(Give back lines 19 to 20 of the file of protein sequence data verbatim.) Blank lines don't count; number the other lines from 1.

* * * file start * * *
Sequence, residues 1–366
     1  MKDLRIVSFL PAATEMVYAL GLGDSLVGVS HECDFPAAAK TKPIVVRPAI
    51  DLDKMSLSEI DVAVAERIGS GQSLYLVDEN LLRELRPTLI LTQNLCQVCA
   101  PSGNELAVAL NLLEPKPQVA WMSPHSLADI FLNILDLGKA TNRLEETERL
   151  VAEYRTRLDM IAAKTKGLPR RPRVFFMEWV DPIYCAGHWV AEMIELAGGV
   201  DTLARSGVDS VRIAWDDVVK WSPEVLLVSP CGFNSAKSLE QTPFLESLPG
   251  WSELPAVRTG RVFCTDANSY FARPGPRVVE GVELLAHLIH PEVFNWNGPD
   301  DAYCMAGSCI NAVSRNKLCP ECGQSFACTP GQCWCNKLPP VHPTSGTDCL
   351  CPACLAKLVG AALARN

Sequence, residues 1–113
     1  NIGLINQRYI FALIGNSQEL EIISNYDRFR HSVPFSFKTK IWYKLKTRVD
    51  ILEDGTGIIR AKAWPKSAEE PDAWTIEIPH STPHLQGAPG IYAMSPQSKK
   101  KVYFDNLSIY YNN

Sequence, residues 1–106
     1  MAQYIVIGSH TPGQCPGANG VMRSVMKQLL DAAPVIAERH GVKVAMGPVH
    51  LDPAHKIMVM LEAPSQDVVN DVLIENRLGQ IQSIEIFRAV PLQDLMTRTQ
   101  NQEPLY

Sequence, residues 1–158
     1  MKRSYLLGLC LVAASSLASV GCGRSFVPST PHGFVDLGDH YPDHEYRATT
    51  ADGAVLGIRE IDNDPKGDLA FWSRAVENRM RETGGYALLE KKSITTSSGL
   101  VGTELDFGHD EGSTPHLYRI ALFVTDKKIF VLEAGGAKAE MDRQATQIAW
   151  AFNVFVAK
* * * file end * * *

     1  MKRSYLLGLC LVAASSLASV GCGRSFVPST PHGFVDLGDH YPDHEYRATT
    51  ADGAVLGIRE IDNDPKGDLA FWSRAVENRM RETGGYALLE KKSITTSSGL